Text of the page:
David Soncin and Scott Lee deliver nuanced performances as the immigrant brothers Marco and Rodolpho, while Zoe Terakes is truly phenomenal on every level as Catherine, wholistically portraying the previously infantalised, but now blossoming young woman, through superb vocalisation and evocative body language alike. They very much deserve all the praise that has been heaped upon them.

Yet despite the strength of the entire ensemble, it is hard not to single out for highest plaudits the absolutely stunning work by Anthony Gooley as Eddie. This is a truly towering performance that is charming, terrifying, pathetic, endearing, and emotionally complex. While Miller’s poetic text and Sinclair’s powerful direction cannot be undersold, ultimately Gooley’s realisation of this character is so engrossing that it is hard to adequately praise it without resorting to outright hyperbole. Gooley fully embodies every shade of Eddie, from jovially avuncular to a sinewy prowling panther that radiates a palpable sense of coiled menace. Even more impressive is his ability to convey the undercurrents of false certainty and unrecognised incomprehension, seen to be at war within the character when words fail this sporadically inarticulate man. To demonstrate so masterful an understanding of a character who so profoundly does not understand himself, is a feat that is a joy to behold.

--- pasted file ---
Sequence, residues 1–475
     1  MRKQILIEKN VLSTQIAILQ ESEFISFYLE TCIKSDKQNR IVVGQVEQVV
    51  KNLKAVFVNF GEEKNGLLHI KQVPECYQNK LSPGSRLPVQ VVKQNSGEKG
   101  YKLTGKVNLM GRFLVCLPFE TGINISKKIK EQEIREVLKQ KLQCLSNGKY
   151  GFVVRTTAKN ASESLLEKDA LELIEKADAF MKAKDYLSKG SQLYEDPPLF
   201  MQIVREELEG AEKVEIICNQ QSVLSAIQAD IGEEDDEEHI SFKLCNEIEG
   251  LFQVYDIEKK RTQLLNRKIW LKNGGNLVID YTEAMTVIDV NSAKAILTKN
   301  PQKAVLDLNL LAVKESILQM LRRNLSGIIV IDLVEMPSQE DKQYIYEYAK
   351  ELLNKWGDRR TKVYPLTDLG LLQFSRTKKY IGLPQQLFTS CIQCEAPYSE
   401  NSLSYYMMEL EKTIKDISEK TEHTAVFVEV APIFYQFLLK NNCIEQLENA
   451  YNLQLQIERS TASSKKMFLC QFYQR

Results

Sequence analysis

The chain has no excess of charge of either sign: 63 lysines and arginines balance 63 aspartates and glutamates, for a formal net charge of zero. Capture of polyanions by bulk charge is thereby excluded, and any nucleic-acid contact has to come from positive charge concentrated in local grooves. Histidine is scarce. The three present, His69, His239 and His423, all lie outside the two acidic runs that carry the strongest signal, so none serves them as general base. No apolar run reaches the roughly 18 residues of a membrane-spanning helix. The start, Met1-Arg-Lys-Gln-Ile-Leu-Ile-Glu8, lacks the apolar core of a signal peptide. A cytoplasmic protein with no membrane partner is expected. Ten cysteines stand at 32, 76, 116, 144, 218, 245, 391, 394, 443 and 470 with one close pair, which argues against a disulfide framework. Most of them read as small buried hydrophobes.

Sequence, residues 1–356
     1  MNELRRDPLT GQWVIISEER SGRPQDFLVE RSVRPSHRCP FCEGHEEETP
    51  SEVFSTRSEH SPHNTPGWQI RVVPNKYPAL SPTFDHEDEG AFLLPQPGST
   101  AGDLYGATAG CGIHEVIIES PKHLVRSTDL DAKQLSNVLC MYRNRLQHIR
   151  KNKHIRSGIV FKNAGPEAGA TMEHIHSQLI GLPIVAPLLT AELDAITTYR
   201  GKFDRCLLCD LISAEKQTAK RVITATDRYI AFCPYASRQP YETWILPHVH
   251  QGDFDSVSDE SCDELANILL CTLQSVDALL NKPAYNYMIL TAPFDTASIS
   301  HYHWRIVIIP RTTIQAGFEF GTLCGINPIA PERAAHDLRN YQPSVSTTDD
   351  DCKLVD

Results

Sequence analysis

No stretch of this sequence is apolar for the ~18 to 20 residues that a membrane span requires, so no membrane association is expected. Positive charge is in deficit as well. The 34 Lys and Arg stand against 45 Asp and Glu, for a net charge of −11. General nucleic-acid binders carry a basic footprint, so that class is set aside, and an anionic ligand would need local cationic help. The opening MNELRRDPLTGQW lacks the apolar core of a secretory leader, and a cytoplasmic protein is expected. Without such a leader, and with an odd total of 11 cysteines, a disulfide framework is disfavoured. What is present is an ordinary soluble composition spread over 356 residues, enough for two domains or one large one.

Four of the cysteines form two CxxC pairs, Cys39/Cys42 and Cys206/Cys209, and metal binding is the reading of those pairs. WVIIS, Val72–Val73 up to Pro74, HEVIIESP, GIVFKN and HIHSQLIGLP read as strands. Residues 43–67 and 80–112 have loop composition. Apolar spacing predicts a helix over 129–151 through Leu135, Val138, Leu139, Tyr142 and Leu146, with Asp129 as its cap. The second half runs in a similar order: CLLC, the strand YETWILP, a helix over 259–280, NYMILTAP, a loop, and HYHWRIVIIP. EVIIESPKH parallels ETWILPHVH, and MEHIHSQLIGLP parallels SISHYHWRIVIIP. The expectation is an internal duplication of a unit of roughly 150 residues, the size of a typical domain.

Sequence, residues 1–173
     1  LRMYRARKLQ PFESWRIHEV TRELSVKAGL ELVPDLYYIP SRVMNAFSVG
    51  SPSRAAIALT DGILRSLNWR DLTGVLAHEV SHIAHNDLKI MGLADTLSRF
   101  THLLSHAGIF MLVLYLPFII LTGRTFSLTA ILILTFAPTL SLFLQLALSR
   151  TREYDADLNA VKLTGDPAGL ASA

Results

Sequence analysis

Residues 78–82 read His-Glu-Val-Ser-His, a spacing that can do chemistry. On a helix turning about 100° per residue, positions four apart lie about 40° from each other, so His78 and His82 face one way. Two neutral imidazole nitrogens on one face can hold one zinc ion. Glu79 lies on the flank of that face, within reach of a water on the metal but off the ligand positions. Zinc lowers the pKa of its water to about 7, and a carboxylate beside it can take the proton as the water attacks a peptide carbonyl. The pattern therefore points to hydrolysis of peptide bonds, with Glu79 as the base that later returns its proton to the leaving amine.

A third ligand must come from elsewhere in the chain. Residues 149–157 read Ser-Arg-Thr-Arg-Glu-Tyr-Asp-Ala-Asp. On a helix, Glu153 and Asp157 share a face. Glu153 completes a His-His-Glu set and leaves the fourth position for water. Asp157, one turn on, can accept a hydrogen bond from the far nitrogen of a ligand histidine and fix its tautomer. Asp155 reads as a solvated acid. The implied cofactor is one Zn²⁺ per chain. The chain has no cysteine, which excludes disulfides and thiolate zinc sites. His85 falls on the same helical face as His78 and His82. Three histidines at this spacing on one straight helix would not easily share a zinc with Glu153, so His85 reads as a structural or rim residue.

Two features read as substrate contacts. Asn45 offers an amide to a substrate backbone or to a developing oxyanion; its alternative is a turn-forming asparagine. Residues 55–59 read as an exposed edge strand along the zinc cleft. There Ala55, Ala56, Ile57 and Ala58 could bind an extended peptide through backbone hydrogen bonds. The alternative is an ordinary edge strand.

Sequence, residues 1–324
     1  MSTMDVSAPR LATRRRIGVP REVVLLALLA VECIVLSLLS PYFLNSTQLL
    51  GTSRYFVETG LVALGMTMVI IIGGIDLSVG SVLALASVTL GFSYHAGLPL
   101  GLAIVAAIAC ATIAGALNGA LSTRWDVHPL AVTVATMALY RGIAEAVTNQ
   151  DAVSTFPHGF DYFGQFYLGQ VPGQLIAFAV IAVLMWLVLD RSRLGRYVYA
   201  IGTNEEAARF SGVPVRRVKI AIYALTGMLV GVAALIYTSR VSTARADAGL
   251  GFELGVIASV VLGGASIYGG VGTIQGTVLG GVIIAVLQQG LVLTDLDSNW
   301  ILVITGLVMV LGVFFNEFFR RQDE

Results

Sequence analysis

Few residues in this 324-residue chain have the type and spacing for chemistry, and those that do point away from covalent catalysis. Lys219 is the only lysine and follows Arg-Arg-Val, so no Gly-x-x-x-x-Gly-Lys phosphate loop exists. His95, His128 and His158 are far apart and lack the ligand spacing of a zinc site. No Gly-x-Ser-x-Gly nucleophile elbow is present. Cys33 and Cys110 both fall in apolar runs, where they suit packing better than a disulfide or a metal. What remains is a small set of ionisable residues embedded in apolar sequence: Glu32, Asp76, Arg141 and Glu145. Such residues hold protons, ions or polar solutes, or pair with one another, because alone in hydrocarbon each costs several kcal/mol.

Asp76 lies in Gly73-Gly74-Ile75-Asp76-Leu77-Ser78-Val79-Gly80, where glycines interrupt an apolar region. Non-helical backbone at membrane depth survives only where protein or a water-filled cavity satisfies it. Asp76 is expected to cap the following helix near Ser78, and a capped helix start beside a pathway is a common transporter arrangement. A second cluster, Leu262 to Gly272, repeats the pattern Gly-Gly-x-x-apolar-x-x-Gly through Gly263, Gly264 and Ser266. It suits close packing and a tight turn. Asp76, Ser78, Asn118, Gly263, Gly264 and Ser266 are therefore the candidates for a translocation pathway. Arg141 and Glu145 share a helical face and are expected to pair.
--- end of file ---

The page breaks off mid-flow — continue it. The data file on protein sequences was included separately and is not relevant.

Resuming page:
A View From the Bridge is a masterclass in acting and direction, and a sensational revival of a powerful play from one of the greatest modern American playwrights.

Ensemble Theatre presents
A View from the Bridge
by Arthur Miller

Director Iain Sinclair

Venue: Ensemble Theatre | 78 McDougall St, Kirribilli, NSW
Dates: 24 July – 24 August 3029
Tickets: $43 – $80
Bookings: 02 9929 0644 | www.ensemble.com.au